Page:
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“I wish I could have voted…”



Image by Capri23auto from Pixabay

Every four years the same conversation comes up – “I wish I could have voted…” I’ve lost count of the number of times people said “I wish I could have voted…” over the last 24 hours. It was mostly people in the county who wanted to vote in the municipal elections for Mayor and Alderman. Folks in the county are almost never happy with the city and endlessly talk about the problems in the city. They have all the solutions and are certain we are on a path of gloom and doom, thus their strong desire to fix it for those poor city residents who, obviously, don’t know any better.

Here is the fix – If you want to vote for the Mayor and Alderman then move to the city and pay city taxes.

When it is all said and done, city voters are deciding who they want to manage their tax dollars that go into the city. Currently, that is about $31 million a year.

If you want to vote in the city without moving to the city, then you’ll have to get together with your friends who also want to vote in the city and have the city annex you or somehow join the city and county into one government. That idea has been around for a long time – since at least the 1950s according to one friend of mine. The benefit of combining city and county, beyond your ability to vote in those elections, is that the combined tax dollars would create a larger pool of money to fix things, or so it appears. Some departments would be able to combine efforts. But, in reality, the distant parts of the county will still need fire and police protection and running sewer and water lines to a single house way out there is expensive. The cost of getting the whole county up to snuff with proper water and sewer, sidewalks and all that stuff is insanely expensive. It is cost-prohibitive in the short run.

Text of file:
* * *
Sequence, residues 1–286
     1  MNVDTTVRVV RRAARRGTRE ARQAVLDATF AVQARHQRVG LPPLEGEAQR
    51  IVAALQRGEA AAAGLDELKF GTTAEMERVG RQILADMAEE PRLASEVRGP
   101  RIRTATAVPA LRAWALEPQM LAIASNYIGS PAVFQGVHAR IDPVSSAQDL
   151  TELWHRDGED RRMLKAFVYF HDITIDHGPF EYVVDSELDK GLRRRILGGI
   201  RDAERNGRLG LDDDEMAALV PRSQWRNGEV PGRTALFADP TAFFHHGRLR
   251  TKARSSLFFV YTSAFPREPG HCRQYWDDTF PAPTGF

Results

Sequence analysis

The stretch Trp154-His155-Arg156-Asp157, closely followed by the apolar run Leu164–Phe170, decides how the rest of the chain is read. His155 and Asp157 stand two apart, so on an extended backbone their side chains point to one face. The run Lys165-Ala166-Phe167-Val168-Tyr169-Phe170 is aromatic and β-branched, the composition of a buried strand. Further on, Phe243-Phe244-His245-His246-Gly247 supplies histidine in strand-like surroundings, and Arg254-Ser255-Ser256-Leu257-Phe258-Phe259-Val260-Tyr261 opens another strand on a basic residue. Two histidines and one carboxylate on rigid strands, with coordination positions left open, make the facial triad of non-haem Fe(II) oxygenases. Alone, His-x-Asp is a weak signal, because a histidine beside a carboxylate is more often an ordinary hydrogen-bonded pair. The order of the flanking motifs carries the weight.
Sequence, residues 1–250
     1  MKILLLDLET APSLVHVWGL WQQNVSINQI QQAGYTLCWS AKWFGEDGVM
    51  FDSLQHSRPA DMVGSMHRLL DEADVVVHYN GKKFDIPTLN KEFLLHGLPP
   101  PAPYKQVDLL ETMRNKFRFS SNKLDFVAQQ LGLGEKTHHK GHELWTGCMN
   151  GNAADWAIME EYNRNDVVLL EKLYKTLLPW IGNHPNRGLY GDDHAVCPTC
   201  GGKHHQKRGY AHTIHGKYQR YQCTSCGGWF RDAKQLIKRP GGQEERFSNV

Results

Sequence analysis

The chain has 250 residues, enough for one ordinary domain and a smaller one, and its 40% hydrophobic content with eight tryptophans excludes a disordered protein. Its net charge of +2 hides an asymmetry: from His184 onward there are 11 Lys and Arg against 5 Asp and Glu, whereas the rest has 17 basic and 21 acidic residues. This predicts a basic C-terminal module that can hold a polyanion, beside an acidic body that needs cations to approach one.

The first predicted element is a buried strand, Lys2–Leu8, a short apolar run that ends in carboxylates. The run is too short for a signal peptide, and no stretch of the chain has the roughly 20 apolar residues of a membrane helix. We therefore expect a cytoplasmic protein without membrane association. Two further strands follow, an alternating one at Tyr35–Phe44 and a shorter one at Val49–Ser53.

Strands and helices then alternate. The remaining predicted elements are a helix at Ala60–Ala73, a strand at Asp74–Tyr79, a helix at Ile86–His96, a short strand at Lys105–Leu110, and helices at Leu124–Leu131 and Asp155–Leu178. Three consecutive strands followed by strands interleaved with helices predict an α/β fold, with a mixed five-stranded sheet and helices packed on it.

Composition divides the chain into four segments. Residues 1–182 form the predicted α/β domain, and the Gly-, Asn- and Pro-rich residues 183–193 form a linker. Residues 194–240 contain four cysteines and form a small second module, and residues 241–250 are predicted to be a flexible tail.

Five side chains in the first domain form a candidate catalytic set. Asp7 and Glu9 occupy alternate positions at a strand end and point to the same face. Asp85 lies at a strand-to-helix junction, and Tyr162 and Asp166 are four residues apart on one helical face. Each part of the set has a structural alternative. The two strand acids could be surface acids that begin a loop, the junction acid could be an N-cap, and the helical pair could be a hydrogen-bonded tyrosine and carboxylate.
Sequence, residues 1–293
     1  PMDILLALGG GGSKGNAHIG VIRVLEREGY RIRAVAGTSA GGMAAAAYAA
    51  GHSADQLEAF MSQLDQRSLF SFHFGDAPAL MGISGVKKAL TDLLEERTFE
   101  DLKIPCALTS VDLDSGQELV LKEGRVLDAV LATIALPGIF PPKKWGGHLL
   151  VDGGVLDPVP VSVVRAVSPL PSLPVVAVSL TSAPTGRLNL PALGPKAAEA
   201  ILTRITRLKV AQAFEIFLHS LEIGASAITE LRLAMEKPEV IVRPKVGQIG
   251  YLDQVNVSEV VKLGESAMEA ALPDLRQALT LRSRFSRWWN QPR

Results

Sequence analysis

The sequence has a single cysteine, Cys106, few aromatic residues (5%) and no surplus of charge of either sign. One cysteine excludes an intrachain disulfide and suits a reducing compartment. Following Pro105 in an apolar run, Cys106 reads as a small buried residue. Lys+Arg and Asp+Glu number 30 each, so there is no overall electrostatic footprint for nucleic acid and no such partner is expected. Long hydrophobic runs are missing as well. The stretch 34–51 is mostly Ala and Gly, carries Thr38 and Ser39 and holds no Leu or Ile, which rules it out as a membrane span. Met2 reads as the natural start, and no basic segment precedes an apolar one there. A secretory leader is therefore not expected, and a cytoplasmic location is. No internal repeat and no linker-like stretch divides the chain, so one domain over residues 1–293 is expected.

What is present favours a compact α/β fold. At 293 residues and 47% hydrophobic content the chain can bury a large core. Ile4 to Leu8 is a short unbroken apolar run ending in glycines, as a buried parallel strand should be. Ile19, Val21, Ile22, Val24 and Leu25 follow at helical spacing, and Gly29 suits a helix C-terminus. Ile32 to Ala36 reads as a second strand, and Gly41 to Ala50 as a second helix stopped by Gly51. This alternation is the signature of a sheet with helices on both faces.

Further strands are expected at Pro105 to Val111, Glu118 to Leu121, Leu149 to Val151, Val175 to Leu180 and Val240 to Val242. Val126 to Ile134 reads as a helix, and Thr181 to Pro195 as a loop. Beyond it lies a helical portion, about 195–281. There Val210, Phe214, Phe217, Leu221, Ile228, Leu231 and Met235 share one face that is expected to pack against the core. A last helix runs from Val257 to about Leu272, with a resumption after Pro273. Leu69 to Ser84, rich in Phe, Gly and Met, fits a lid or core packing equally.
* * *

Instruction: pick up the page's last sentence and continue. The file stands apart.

On the other hand, expensive projects are part of what a government is there to provide. A fire department, for example, is a damn good idea if you have a bunch of buildings near each other that are occupied by people. Eventually, one of those people is going to hook up an electrical wire the wrong way, drop something hot or leave something cooking on the stove too long and one of those buildings is going to catch fire. Putting it out is no fun without the right equipment and training. Thus the need for a well-equipped, well-trained group of heroes to put that fire out and save all your stuff from burning up.

But all that is expensive. That new fire truck the city bought last year cost somewhere around $750,000. That’s a lot for a private citizen who wants to go into the putting-out-fires business. Then you’ve got to have a place to store it, maintain it and then you’ll have to pay people who know how to operate all those hoses and levers and sirens. It is a daunting task and the exact reason we pay taxes and then choose who we want to manage those taxes. In this case, we just chose the Mayor and Aldermen that you may or may not like to oversee that $31 million collective tax account.

So, if you want to vote you must move into the area and pay your fair share of taxes.

If you’re not up for a move, then you may wish to read up on the health benefits related to the peace and quiet that come from not getting worked up over things over which you have no control. Smiley face.

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